Tuesday, September 9, 2003
Beam in the eye.
Why does lunatic-fringe Judge Moore get all the religion-in-the-news press when the governor's religious campaign to repair Alabama's egregiously regressive tax structure — the state-wide vote is today — gets almost none? Gregg Easterbrook (with a new TNR blog) offers a simple explanation:
Because the snarling judge and his intolerant followers show Christianity in a bad light; by granting them attention, the media make Christianity look bad. Gov. Riley's crusade to help the poor shows Christianity at its luminous best. Therefore the media ignore Riley.
It turns out that liberal Christianity may prove to be only the next-best kept secret in American religion; the real best kept secret is progressive Evangelicalism.
Francis Wilkinson writes (for the liberal American Prospect Online) that the Evangelical movement that is trying to reform Alabama's tax structure challenges a deeply-held liberal bias:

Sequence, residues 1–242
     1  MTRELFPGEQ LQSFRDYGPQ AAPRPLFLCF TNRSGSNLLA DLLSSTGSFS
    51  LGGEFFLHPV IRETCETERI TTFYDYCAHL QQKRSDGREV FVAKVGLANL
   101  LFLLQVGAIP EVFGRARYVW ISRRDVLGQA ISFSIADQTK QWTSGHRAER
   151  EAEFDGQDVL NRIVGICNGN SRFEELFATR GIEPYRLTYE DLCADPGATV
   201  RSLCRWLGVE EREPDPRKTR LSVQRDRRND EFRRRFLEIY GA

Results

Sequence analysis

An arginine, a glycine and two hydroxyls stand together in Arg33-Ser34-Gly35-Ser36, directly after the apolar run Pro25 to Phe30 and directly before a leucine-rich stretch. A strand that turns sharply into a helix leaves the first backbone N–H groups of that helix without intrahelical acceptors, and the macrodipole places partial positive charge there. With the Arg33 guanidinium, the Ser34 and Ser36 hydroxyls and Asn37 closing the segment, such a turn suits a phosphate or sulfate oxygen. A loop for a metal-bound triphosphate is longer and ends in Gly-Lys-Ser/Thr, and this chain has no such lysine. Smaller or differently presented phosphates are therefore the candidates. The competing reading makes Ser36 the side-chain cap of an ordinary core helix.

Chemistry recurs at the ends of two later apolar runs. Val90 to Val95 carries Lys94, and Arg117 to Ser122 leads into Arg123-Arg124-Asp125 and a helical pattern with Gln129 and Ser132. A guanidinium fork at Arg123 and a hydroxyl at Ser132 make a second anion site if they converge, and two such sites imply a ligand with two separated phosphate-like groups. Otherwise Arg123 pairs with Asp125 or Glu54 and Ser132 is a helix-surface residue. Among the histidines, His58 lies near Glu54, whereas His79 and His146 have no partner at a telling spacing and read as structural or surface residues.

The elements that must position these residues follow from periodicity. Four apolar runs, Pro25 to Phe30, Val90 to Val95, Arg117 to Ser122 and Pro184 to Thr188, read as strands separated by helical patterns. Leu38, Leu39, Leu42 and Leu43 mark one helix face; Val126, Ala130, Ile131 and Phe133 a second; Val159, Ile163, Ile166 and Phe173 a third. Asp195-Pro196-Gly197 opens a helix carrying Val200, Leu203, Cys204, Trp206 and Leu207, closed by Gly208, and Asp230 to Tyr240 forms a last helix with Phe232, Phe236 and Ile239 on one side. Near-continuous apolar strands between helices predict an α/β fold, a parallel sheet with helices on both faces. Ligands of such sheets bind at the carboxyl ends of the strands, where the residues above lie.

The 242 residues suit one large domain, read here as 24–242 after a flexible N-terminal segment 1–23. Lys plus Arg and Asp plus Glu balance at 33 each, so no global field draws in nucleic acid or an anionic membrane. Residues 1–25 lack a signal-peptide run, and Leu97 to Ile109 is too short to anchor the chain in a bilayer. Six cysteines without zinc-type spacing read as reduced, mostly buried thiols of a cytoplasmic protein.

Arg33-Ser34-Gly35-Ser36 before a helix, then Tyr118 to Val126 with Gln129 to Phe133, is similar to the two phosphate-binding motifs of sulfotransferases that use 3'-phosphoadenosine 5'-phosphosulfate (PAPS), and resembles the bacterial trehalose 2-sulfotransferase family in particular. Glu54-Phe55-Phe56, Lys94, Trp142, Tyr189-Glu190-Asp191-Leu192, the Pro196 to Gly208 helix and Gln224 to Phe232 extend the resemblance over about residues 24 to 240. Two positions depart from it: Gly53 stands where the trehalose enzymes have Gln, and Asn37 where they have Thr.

For the first time since black ministers and some of their white brethren marched arm in arm in the civil-rights era, a group of Christians in the South are championing social and economic justice for the dispossessed as a matter of spiritual imperative . . . But as if determined to defy the most cherished stereotypes and bedrock prejudices of enlightened liberals everywhere, the primary actors in this campaign are the kind of white, conservative, Billy Graham evangelicals to whom Martin Luther King, Jr. addressed his Letter from Birmingham Jail . . .
And lest you think that a divinity school paper can never make a difference in American politics, consider this: Wilkinson explains that a Beeson Divinity School thesis, published as the pamphlet The Least of These: Fair Taxes and the Moral Duty of Christians, launched this political movement and converted Gov. Riley. So take heart, seminarians, and good luck, Bob Riley!
Copyright © 2003 by Philocrites | Posted 9 September 2003 at 12:49 PM